For lunch yesterday I finally found a woman who didn’t wave me away and got this noodle dish for 12yuan. I had a suspicion that the broth was meat-based, however the rest of the ingredients appeared to be veggie (I’m thinking noodles, kelp, cucumber, and peanuts). I might be very, very, very sick of noodles by the end of this trip!

getting a chinese visa in vancouver, bc

The process of getting a visa is quick and easy. Basically, all the info you need can be found here, at this website. I applied for a tourist visa and received, for 142$CAD, a multiple entry visa valid for the next 3 years at 60 days maximum per entry. I dropped my documents off on a Monday around 2pm (and the office was fairly empty - no lineups) and my visa was ready to be collected on the Thursday.

- Located on the corner of Oak Street and West Broadway, at 999 West Broadway. Take the elevator to the 2nd floor.
courtesy of Google Maps
- Open Monday-Friday (except some holidays - see website)
     Application 9am-3pm
     Collection   9am-4pm
- Payment upon collection, ca$h or debit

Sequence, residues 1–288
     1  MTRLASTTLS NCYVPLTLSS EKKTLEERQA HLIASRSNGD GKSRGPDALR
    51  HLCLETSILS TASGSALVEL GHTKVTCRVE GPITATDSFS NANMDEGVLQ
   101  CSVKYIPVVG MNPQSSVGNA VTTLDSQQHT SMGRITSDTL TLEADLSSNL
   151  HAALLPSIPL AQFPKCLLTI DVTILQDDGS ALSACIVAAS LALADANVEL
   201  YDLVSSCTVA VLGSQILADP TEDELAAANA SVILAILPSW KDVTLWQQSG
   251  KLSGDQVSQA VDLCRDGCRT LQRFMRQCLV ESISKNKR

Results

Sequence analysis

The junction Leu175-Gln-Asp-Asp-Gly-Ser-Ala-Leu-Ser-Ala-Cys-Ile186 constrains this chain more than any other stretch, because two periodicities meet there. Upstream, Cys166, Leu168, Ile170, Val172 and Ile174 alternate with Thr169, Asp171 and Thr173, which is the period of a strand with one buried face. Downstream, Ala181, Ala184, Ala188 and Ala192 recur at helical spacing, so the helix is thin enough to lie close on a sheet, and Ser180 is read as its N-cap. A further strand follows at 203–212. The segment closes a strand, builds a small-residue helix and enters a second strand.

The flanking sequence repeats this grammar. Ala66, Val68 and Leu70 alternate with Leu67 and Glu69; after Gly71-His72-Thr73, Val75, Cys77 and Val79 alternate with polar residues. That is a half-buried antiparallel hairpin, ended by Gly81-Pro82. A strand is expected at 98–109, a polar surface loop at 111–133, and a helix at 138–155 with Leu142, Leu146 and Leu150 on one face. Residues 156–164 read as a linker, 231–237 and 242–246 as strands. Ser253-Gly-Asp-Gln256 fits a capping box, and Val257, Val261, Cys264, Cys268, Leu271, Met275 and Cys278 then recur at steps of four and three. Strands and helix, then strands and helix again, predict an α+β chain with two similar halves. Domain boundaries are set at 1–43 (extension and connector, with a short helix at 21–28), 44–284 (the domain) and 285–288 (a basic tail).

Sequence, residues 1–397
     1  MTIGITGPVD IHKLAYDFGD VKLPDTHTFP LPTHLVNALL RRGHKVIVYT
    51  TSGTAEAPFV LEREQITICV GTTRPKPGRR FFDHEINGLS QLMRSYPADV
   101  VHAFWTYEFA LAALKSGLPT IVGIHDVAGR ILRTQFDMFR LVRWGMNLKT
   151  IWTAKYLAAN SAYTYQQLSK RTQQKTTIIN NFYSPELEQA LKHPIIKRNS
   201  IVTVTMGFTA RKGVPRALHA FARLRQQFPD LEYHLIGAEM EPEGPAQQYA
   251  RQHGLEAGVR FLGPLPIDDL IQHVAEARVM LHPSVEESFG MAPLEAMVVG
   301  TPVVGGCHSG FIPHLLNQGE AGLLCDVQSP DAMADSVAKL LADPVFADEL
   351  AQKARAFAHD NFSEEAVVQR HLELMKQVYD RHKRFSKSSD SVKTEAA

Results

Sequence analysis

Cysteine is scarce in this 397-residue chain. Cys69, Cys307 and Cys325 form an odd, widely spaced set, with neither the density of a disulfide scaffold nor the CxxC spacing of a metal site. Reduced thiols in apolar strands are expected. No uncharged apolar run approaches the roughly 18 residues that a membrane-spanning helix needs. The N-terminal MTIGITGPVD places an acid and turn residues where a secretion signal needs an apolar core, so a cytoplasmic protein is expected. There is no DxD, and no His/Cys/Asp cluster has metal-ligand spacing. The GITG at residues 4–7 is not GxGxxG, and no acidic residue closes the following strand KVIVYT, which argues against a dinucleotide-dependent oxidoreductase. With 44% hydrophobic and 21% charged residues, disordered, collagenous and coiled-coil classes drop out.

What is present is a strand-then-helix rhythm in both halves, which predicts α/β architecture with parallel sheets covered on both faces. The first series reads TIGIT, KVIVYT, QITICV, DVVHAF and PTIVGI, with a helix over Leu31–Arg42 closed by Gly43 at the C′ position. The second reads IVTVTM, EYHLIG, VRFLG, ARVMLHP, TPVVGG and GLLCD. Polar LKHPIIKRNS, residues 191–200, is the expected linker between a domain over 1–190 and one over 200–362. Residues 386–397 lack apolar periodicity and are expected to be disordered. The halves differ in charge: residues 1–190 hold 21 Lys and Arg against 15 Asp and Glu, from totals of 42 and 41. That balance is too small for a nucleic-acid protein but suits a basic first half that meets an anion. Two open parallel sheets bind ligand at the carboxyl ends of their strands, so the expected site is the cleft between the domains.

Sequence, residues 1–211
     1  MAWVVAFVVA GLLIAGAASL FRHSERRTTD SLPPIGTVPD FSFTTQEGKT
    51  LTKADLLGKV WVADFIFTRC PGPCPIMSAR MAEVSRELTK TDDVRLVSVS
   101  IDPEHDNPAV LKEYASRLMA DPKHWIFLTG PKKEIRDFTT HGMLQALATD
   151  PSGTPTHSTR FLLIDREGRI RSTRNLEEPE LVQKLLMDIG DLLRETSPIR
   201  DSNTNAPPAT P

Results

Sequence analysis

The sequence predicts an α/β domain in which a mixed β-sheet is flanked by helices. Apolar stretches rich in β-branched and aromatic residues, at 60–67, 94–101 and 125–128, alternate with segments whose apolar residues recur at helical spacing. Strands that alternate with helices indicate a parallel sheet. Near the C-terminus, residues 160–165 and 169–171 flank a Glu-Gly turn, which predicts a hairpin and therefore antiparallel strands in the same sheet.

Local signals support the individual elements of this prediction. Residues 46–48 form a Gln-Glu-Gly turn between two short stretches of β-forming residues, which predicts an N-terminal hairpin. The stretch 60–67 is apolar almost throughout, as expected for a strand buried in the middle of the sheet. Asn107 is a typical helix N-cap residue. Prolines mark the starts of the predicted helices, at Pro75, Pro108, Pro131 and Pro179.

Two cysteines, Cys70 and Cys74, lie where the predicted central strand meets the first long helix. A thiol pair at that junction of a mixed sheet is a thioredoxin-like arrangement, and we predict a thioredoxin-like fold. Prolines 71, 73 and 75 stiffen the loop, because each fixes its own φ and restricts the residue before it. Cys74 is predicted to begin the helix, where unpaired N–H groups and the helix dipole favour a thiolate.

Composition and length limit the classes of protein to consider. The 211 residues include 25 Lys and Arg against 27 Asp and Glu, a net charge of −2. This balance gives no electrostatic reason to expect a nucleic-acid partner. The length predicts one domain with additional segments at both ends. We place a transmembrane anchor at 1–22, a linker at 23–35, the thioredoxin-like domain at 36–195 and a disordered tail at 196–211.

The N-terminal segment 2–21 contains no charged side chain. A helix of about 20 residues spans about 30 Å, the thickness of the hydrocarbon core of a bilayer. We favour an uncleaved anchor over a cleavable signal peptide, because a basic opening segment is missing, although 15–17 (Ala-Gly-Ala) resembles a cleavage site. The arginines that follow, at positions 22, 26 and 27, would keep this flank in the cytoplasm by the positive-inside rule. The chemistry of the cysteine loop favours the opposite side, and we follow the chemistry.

- Visa photos can be done at BCAA on the ground floor - you only need one
- Public computer, printer, and scanner available (25c per page) - while I had an invitation letter prepared from someone in Shanghai, it was futile since I didn't have any documents/photocopies of their visas and proof of legal residence in China. Thus, I had to make a reservation at a hostel for my first night in Shanghai and printed it off at the visa centre (subsequently cancelling the reso right after handing over the paperwork).
- Itinerary not required, but bring flight bookings in/out of China, one photo, a copy of your passport page, your passport, and reservations for your first night in China (including your name).
- They've got free wifi, don't worry. (Great Firewall of China not included)

going to the great firewall 

I'll be posting from my tumblr blog since blogspot (or anything Google-related) is banned in China.